Now, none of this is new—both the shoe and boot derbies have largely been Goodyear welted for the last year, with some notable exceptions including their shell cordovan derby shoes, which got Viberg’s iconic stitchdown treatment. The big thing is that there’s more—more derby shoes, and more derby boots, in a variety of leathers. Viberg’s invested a ton in Goodyear welt machinery, and they’re very prepared to use it, especially if big swings of orders come in.
Service boots keep the stitchdown construction. Below are a few relevant excerpts from my Stitchdown Conversation with Brett earlier this year that presaged all of the above.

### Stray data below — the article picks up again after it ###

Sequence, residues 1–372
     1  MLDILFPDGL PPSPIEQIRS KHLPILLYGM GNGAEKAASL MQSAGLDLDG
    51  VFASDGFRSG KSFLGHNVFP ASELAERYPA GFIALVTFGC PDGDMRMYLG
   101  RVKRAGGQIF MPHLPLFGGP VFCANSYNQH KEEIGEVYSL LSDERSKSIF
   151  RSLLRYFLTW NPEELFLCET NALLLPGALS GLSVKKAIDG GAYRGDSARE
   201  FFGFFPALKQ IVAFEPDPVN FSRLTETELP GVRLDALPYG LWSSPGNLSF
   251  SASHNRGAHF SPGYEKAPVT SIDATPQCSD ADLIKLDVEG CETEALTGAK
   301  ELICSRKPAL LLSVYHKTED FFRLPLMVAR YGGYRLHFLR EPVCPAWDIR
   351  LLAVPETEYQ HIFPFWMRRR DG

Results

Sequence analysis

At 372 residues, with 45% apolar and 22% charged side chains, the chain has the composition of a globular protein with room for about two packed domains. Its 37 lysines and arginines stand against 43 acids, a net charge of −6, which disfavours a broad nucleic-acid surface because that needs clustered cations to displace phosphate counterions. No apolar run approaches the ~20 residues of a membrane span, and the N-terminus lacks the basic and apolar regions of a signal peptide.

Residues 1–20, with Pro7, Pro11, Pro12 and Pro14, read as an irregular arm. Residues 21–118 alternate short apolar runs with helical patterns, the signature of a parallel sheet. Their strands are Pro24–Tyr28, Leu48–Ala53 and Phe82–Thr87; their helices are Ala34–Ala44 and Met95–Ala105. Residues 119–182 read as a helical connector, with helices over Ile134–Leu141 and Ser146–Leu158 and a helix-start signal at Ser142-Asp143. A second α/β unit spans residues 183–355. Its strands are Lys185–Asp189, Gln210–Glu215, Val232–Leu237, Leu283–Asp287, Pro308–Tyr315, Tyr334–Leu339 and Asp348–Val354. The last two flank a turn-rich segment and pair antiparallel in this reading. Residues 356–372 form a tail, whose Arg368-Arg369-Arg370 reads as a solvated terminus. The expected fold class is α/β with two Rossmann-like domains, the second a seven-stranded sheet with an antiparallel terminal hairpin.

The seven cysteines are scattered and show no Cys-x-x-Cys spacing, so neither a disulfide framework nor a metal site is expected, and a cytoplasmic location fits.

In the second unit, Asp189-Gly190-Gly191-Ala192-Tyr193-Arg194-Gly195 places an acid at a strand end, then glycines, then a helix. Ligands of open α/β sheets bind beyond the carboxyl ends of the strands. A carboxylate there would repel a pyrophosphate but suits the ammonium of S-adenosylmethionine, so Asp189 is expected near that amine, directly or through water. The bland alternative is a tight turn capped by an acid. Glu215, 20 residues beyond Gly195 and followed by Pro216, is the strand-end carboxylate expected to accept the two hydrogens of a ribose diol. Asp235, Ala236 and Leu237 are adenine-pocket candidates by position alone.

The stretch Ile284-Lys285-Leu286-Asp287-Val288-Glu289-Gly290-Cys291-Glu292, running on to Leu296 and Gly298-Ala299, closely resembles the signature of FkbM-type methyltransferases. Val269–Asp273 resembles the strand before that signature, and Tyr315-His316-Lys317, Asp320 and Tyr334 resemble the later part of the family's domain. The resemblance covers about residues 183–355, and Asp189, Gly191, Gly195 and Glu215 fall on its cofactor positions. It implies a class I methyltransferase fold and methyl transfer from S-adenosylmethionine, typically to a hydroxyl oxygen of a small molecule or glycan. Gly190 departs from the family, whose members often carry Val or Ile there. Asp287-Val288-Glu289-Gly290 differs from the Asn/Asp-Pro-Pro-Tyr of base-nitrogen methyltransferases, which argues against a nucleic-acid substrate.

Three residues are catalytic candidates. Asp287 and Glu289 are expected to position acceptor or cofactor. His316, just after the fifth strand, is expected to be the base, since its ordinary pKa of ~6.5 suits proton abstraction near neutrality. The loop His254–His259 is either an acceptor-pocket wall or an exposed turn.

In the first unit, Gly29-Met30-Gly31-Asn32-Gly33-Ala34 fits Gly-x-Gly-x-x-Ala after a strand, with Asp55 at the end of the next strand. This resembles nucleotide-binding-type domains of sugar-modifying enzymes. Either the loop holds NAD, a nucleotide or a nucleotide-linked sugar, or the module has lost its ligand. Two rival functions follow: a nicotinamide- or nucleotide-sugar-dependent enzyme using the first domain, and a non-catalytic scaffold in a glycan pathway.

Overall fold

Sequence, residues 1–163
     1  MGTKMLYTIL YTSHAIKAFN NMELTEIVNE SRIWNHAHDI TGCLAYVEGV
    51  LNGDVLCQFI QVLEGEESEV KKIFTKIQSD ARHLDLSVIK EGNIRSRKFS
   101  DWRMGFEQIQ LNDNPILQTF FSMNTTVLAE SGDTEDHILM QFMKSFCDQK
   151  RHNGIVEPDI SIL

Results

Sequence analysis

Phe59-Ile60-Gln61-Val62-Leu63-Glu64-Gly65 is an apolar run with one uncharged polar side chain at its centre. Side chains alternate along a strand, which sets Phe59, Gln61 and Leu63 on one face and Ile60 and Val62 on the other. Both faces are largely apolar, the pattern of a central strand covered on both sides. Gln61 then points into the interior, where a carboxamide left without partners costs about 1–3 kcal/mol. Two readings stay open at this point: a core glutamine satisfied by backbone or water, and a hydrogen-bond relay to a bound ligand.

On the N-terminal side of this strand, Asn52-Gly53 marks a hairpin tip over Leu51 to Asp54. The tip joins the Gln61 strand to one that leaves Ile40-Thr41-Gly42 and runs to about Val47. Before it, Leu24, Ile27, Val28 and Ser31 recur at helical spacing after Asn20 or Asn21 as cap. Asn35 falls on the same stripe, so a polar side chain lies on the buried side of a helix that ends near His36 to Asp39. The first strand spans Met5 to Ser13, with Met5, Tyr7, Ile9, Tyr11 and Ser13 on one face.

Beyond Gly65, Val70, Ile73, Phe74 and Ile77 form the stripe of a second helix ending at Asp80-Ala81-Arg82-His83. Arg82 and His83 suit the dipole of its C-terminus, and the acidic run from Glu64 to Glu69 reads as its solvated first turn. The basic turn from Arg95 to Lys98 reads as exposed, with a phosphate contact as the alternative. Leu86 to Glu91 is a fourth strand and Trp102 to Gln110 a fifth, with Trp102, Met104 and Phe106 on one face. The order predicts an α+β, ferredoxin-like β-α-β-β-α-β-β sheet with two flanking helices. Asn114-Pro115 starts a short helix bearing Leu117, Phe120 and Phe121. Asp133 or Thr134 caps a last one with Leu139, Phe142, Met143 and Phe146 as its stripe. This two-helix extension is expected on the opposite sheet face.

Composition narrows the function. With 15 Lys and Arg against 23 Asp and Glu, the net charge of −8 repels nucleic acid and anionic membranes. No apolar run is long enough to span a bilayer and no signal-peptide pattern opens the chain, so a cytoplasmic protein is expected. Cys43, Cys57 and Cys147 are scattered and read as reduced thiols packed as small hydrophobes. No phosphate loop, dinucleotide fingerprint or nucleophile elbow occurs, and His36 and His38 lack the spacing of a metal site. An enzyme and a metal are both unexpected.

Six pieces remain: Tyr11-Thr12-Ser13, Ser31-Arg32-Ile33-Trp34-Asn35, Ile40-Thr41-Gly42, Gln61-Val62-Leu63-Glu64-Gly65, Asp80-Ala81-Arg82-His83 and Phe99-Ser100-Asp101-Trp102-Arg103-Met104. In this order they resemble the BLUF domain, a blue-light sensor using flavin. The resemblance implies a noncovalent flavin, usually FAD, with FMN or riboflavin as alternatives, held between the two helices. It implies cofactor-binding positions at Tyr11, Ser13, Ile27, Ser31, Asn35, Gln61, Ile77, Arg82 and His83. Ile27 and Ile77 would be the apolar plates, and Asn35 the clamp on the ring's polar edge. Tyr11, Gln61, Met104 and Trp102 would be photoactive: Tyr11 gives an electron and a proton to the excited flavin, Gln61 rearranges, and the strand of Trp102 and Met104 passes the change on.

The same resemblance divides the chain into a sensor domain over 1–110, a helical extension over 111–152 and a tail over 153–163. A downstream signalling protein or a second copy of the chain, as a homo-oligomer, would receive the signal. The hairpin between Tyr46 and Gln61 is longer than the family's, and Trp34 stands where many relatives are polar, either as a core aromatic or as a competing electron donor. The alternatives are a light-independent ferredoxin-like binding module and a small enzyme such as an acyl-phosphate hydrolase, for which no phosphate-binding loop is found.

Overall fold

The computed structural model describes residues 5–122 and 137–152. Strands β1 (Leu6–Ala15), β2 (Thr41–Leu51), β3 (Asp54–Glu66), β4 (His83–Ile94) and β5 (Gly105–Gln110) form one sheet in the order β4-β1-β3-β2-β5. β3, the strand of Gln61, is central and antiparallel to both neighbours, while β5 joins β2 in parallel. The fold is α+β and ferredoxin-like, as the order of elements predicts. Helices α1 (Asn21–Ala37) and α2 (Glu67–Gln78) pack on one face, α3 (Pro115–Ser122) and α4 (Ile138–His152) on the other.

All service boots are made stitchdown. A lot of stuff I make is almost a Goodyear welt because I don’t want it to be stitchdown—that’s not the intention of what I’m trying to do. Ultimately it’s just how we decide to produce it.
What it ultimately comes down to—if you do a 360 stitchdown like a Danner it’s more automated in that when you actually pull the leather tight and stick it to the midsole, there’s less room for error. The way that we do it, only the front is done, and the heel is nailed under. So the moment that you nail in the back, when you pull on it, you’re gonna run into the chance of it ripping. So if you’re using a lighter leather or shell cordovan or something like that which is delicate, it’s very, very difficult to make a stitchdown product, because it’s meant for a heavy oil-tanned leather.